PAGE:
• Cramb, R. A. (2012). Beyond the longhouse: Iban shifting cultivators come to town. In Jonathan Rigg and Peter Vandergeest (Ed.), Revisiting rural places: Pathways to poverty and prosperity in Southeast Asia (pp. 68-87) Singapore: NUS Press.

  • Cramb, R. A. (2011). Agrarian transitions in Sarawak: Intensification and expansion reconsidered. In Rodolphe de Koninck, Stephane Bernard and Jean-Francois Bissonnette (Ed.), Borneo transformed: Agricultural expansion on the Southeast Asian frontier (pp. 44-93) Singapore: National University of Singapore Press.

  • Manivong, Vongpaphane and Cramb, R. A. (2008). The adoption of smallholder rubber production by shifting cultivators in Northern Laos: a village case study. In Denyse J. Snelder and Rodel D. Lasco (Ed.), Smallholder Tree Growing for Rural Development and Environmental Services: Lessons from Asia (pp. 117-138) Dordrecht , Netherlands: Springer. doi:10.1007/978-1-4020-8261-0_5

  • Cramb, Rob (2005). Rethinking the development, dissemination and adoption of agricultural technologies. In J. Gonsalves, T. Becker, A. Braun, D. Campilan, H. De Chavez, E. Fajber, M. Kapiriri, J. Rivaca-Caminade and R. Vernooy (Ed.), Participatory research and development for sustainable agriculture and natural resource management: A sourcebook (pp. 145-150) Ottawa, Canada: IRDC and International Potato Centre.

  • Cramb, R. A., Garcia, J. N., Gerrits, R. V. and Saguiguit, G. C. (2000). Adoption of Soil Conservation Technologies in the Case Study Sites. In R Cramb (Ed.), Soil Conservation Technologies for Smallholder Farming Systems in the Philippine Uplands (pp. 72-95) Canberra: Australian Centre for International Agricultural Research.

  • Cramb, Robert A. (2000). Agricultural land degradation in the Philippine uplands: An overview. In Robert Cramb (Ed.), Soil Conservation Technologies for Smallholder Farming Systems in the Philippine Uplands (pp. 23-37) Canberra: Australian Centre for International Agricultural Research.

  • Gerrits, R. V., Cramb, R. A., Garcia, J. N. and Saguiguit, G. C. (2000). Approcahes to the Promotion of Soil Conservation Technologies in the Case Study Sites. In Robert Cramb (Ed.), Soil conservation technologies for smallholder farming systems in the Philippines Uplands : a socioeconomic evaluation (pp. 96-118) Canberra: Australian Centre for International Agricultural Research.

  • Nelson, R. A. and Cramb, R. A. (2000). Bioeconomic Modelling of Hedgerow Intercropping. In Robert A. Cramb (Ed.), Soil conservation technologies for smallholder farming systems in the Philippines Uplands (pp. 119-143) Canberra: Australian Centre for International Agricultural Research.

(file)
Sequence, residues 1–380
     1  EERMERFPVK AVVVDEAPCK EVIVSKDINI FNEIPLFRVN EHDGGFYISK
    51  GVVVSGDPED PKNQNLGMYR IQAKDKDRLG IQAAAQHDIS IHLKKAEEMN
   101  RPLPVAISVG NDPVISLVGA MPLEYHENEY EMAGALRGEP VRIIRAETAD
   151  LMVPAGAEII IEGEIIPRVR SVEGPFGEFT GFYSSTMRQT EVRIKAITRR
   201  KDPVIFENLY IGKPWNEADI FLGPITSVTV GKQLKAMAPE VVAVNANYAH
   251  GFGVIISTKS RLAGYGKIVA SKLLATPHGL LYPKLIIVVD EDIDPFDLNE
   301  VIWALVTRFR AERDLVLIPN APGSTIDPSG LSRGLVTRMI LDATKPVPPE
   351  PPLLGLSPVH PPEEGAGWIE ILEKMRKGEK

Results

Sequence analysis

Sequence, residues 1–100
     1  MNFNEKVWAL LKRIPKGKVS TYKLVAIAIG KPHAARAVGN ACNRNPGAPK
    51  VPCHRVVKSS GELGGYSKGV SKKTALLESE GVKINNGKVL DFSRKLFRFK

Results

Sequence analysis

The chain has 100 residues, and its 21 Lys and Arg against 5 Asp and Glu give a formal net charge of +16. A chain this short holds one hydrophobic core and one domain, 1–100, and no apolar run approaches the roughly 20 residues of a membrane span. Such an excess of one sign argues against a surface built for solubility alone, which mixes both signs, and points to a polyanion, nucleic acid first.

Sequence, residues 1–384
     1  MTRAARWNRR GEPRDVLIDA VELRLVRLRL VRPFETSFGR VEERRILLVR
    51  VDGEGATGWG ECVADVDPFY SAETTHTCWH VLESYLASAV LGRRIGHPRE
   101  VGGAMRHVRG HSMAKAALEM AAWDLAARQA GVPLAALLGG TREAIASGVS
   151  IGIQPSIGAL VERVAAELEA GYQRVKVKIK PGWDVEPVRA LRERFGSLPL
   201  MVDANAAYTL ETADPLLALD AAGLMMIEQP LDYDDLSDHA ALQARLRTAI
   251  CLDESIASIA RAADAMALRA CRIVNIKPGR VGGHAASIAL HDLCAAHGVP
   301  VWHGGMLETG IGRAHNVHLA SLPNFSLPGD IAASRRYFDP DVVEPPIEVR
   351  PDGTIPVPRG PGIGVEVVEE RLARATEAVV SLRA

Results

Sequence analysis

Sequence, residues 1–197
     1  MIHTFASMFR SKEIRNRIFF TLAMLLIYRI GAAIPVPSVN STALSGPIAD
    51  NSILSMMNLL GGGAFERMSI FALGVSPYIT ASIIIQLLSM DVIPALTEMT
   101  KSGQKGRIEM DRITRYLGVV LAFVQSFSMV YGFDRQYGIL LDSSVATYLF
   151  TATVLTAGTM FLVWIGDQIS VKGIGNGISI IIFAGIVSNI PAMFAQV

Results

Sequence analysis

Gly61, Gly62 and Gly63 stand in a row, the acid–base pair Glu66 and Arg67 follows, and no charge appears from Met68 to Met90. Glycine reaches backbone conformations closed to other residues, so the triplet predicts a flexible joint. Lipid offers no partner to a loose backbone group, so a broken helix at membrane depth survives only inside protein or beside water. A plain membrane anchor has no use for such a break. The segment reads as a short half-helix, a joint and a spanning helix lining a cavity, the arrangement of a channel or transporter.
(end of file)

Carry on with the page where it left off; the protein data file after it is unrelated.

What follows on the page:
• Garcia, J. N., Gerrits, R. V., Cramb, R. A. and Saguiguit, G. C. (2000). Characteristics and Implementation of Soil Conservation Technologies in the Case Study Sites. In Robert Cramb (Ed.), Soil conservation technologies for smallholder farming systems in the Philippines Uplands: A socioeconomic evaluation (pp. 52-71) Canberra: Australian Centre for International Agricultural Research.

  • Cramb, R. A. (2000). Evaluation of Soil Conservation Technologies: A Summing Up. In R. Cramb (Ed.), Soil conservation technologies for smallholder farming systems in the Philippines Uplands: A socioeconomic evaluation (pp. 195-212) Canberra: Australian Centre for International Agricultural Research.

  • Cramb, R. A. and Saguiguit, G. C. (2000). Introduction. In R. A. Cramb (Ed.), Soil Conservation Technologies for Smallholder Farming Systems in the Philippine Uplands (pp. 9-11) Canberra: Australian Centre for International Agricultural Research.

  • Cramb, R. A., Garcia, J. N., Gerrits, R. V. and Saguiguit, G. C. (2000). Profiles of the Case Study Sites. In R. A. Cramb (Ed.), Soil conservation technologies for smallholder farming systems in the Philippines Uplands: A socioeconomic evaluation (pp. 38-51) Canberra: Australian Centre for International Agricultural Research.

  • Cramb, R. A. (2000). Research Framework. In R. A. Cramb (Ed.), Soil conservation technologies for smallholder farming systems in the Philippines Uplands: A socioeconomic evaluation (pp. 12-22) Canberra: Australian Centre for International Agricultural Research.

  • Windle, J. and Cramb, R. A. (1999). Roads, remoteness and rural development: Social impacts of rural roads on upland farmers in Sarawak, Malaysia. In V. T. King (Ed.), Rural Development and Social Science Research: Cases from Borneo (pp. 215-250) Williamsburg: Borneo Research Council.

Journal Article

Conference Publication

Other Outputs

Grants (Administered at UQ)

PhD and MPhil Supervision

Note for students: Professor Rob Cramb is not currently available to take on new students.

Current Supervision

  • Doctor Philosophy — Principal Advisor

  • Doctor Philosophy — Principal Advisor

  • Master Philosophy — Principal Advisor

    Other advisors:

  • Doctor Philosophy — Principal Advisor

  • Doctor Philosophy — Associate Advisor

  • Doctor Philosophy — Associate Advisor

    Other advisors:

Completed Supervision